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The Diet Survivor’s Handbook: 60 Lessons in Eating Acceptance and Self-Care

Spring 2016 – Diet Survivors Group Newsletter

beyond newDiet Survivors Book


Welcome to the Spring 2016 e-mail!

(Based on The Diet Survivor's Handbook: 60 Lessons in Eating, Acceptance and Self-Care)

This spring ushers in the 10th anniversary of The Diet Survivor's Handbook! We're grateful to the thousands of people who've read our book over this past decade. We honor your journey to let go of dieting and develop a healthy, satisfying and peaceful relationship with food.

Are you a diet survivor? If you've been on more than one diet, lost and regained the weight, and are becoming aware that the failure is not your fault, you are a diet survivor. Whether you're in the process of letting go of diets—or gave them up already, we're glad you're here!

So much of our work helps people make the transition from the diet mentality to becoming an attuned eater. When that happens, many of you have told us it's challenging to deal with all of the diet comments and behavior that are so normative in our culture. Out of these conversations, Judith wrote an article called 8 Reasons I Don't Want To Hear About Your Diet. We hope you find it supportive of your experiences and work to let go of diets!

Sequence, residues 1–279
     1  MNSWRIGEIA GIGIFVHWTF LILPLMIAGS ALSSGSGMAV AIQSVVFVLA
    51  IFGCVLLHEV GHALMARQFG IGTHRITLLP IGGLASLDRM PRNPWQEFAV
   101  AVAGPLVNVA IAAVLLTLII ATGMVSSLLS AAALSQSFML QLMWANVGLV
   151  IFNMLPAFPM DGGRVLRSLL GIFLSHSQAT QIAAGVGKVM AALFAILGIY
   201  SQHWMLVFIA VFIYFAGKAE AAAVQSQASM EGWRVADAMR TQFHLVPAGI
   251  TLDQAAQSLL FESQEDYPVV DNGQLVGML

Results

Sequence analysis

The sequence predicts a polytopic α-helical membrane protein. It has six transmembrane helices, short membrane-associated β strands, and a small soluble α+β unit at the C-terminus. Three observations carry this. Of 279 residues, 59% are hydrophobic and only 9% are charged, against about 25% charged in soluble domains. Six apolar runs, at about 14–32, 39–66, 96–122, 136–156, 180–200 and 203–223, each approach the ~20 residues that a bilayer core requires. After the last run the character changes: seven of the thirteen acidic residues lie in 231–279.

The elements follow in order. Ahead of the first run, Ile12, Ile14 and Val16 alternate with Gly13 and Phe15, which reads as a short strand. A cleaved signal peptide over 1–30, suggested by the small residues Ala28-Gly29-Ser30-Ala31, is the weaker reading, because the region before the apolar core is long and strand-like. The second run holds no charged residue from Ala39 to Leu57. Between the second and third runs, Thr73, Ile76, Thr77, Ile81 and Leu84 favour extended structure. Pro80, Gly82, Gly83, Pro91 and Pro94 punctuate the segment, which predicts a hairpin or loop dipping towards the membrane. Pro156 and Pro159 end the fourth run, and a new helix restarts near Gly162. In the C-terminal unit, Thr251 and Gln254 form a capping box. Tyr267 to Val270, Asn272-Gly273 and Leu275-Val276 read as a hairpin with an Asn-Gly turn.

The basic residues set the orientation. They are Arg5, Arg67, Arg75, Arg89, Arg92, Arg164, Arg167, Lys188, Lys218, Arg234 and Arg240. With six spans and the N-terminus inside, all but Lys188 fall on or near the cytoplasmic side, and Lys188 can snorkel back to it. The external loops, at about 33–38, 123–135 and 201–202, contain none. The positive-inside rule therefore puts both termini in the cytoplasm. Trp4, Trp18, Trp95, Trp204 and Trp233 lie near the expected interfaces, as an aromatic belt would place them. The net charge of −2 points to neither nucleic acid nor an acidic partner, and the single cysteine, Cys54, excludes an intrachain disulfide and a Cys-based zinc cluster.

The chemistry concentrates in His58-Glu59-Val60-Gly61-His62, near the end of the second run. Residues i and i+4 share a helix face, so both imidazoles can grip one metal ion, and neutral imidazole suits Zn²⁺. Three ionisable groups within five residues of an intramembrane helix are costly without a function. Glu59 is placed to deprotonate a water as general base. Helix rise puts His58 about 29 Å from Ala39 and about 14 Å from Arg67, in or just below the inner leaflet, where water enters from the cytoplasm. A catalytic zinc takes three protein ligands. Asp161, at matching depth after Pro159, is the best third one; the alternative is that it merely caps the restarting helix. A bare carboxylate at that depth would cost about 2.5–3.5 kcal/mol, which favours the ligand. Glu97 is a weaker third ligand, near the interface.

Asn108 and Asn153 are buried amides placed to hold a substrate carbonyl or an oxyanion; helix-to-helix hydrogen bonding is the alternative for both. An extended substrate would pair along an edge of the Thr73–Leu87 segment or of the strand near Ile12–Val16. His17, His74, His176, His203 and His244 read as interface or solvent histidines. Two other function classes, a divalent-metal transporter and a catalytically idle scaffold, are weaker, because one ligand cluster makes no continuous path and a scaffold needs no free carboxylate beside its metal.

And finally, in the spirit of celebration our spring lesson is an offering of our:

Diet Survivors Group Top 11 List
(You can also find this image on our Facebook Page)


#11: Diets make you crabby
#10: Diets leave you feeling deprived
#9: Diets become a preoccupation, which depletes your mental energy
#8: Diets are expensive
#7: Diets interfere with your natural weight (known as setpoint)
#6: Diets lead to weight cycling, which is detrimental to your physical health